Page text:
Increasing investment in education as well as the capacity to collect, analyse and use data will help African countries end malnutrition, experts have said, in the midst of a rise in cases of malnutrition.
The proposal comes at a time statistics show a rise in the numbers of undernourished people, rates of stunting and cases of food wastage on the continent.
According to a recent joint report by the World Bank, World Health Organisation (WTO) and the United Nations Children’s Fund (UNICEF), Africa is the only region where the number of stunted children under five years old has risen between 2000 and 2018.
During that period, stunting on the continent increased from 50.3 to 58.8 million children, the report says.
In addition to the problem of under-nutrition, some African regions have recently seen a considerable increase in the rates of overweight children.
The report states that the percentage of overweight children has increased from 10.4 per cent to 13 per cent in Southern Africa and from 8.1 per cent to 10.6 per cent in Northern Africa.
This, according to experts, calls for special attention of countries to turn around the situation.
Experts from research institutes, academia and members of Governments have said that this will require increased investment in nutrition educational programmes and awareness as well as using data to track progress.
Jacqueline Landman, a Professor at the University of Southampton, says that using schools as systems of promoting healthy feeding would be one of the greatest tools to fight malnutrition.
“Investing in schools that would act as systems to promote nutrition is critical. This can be done particularly through school feeding programmes and integrating nutrition educational content into school systems,” she said.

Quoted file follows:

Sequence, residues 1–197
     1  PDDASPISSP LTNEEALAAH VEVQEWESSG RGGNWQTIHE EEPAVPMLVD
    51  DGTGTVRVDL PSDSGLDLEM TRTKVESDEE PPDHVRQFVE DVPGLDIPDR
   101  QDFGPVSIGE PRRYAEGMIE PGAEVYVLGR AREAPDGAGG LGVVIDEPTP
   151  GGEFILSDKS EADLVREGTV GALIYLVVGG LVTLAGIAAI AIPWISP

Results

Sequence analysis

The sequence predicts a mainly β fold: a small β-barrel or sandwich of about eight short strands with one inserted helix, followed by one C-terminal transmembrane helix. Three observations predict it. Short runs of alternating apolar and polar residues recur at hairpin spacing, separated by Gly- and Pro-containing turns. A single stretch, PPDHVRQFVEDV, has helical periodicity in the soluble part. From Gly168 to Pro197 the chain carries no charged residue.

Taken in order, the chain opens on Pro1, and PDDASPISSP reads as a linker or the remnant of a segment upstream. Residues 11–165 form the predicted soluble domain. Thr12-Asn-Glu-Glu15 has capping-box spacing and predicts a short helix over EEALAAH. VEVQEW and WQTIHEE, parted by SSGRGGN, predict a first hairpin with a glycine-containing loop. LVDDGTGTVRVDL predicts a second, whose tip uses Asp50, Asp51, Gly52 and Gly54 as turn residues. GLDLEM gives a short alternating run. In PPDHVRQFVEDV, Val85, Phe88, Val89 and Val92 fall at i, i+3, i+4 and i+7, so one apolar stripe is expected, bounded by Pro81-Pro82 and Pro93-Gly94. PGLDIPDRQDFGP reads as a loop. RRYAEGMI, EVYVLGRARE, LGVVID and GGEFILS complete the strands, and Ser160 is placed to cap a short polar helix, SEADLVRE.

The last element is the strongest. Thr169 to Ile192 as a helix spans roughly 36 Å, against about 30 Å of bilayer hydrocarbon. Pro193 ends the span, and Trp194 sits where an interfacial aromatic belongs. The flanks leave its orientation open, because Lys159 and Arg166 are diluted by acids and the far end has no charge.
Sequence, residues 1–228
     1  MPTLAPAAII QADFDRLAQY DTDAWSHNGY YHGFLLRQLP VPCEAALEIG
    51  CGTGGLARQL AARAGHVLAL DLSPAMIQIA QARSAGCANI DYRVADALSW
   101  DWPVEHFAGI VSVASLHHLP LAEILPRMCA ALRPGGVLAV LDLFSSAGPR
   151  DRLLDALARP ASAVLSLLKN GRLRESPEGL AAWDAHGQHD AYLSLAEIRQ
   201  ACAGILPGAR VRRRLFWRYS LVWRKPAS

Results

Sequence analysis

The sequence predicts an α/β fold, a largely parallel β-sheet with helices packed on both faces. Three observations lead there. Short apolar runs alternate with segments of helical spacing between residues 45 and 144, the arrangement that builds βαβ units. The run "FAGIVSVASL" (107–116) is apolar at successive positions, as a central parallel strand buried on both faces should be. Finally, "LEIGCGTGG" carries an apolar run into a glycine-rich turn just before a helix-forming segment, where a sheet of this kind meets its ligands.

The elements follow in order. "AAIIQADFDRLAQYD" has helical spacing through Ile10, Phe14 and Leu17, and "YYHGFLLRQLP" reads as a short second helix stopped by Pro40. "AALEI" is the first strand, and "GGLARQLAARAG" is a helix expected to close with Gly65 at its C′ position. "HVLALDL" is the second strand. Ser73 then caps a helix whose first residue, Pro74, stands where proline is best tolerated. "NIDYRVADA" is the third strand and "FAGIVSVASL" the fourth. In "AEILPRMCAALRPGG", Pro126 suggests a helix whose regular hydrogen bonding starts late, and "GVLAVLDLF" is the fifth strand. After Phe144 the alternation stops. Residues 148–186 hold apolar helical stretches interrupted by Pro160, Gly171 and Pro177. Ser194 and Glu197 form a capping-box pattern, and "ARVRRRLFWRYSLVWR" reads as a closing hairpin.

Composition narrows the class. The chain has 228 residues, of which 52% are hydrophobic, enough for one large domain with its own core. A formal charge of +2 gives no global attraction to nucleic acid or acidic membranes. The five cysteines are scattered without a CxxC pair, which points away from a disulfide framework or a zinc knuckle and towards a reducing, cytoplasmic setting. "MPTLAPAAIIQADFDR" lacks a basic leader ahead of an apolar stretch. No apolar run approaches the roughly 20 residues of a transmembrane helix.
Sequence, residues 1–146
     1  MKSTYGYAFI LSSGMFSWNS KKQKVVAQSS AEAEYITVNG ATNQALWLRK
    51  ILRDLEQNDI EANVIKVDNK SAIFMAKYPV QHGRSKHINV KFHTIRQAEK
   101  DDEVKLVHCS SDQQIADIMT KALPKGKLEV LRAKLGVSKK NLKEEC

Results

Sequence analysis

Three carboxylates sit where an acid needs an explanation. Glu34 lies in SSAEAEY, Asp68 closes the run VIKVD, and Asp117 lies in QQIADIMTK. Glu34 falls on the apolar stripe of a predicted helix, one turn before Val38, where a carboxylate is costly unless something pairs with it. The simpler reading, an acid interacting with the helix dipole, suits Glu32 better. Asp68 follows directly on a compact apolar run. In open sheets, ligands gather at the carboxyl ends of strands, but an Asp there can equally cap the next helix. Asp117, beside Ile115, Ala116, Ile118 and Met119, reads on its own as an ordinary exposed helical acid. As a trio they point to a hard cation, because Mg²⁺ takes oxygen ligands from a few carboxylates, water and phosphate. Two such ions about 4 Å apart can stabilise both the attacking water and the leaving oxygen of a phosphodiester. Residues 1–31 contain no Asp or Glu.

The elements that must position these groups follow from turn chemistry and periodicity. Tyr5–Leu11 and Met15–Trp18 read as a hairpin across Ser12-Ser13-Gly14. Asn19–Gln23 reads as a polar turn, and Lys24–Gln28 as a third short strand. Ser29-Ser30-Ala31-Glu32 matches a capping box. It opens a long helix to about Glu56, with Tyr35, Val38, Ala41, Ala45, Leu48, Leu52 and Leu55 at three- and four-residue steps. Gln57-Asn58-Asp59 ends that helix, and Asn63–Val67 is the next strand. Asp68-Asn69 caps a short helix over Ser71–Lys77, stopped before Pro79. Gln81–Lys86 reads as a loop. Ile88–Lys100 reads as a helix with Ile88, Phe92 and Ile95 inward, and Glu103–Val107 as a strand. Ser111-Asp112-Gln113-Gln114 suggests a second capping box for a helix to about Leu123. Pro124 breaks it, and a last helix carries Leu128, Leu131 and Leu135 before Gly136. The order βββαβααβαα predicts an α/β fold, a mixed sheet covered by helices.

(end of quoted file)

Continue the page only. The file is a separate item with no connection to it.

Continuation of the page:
Landman who was speaking at the General Assembly of the Federation of African Nutrition Societies, cited Nigeria as one of the countries with a success story when it comes to promoting school feeding programmes, a domestically funded programme.
Such programmes have also been initiated in other countries like Rwanda.
Rwanda has been implementing the national food and nutrition policy since 2013.
Part of that included investing in school feeding and a host of other programmes that provide highly nutritious fortified food to mothers and children.
Such initiatives have seen the country make some improvements. For instance, the rate of stunting among under-five children dropped from 51 per cent to 38 per cent between 2005 and 2015.
Paul Amuna, a Professor the Ghana based at the University of Health and Allied Sciences, said there were gaps in nutrition research, making the case for building capabilities for data collection.
“Reliable data is important and without it, it is hard to convince governments to invest in nutrition. And without measuring what we are doing, we cannot achieve results we want,” he said.
In Ghana, Amuna said, he established a school health education programme and he has been monitoring its progress, highlighting that more than 150 villages have now been able to adopt it.
The programme provides health and nutrition education and related support services in schools to equip children with basic life skills for healthy living, which will lead to improvements in child survival and educational outcomes.
Ghana, just like Kenya, Liberia, Zambia, Namibia, Niger, Sierra Leone and Ethiopia, among others, has now made considerable progress, especially when it comes to reducing stunting.
Experts also laid out more suggestions, from re-orienting agricultural priorities from producing high quantities to producing healthy foods, and sustainably intensifying food production to strong coordinated governance of land and oceans, among other things.
Andrew Prentice indicated that it was equally important for countries to halve food losses and waste, arguing that Africa had immense opportunities to work with global communities to resolve nutritional deficiencies.
However, to achieve all that, Dr Anita Asiimwe, the National Coordinator of National Early Childhood Development Program (NECDP) noted that it requires coordinated, sustained evidence-based multi-sectoral nutrition programmes.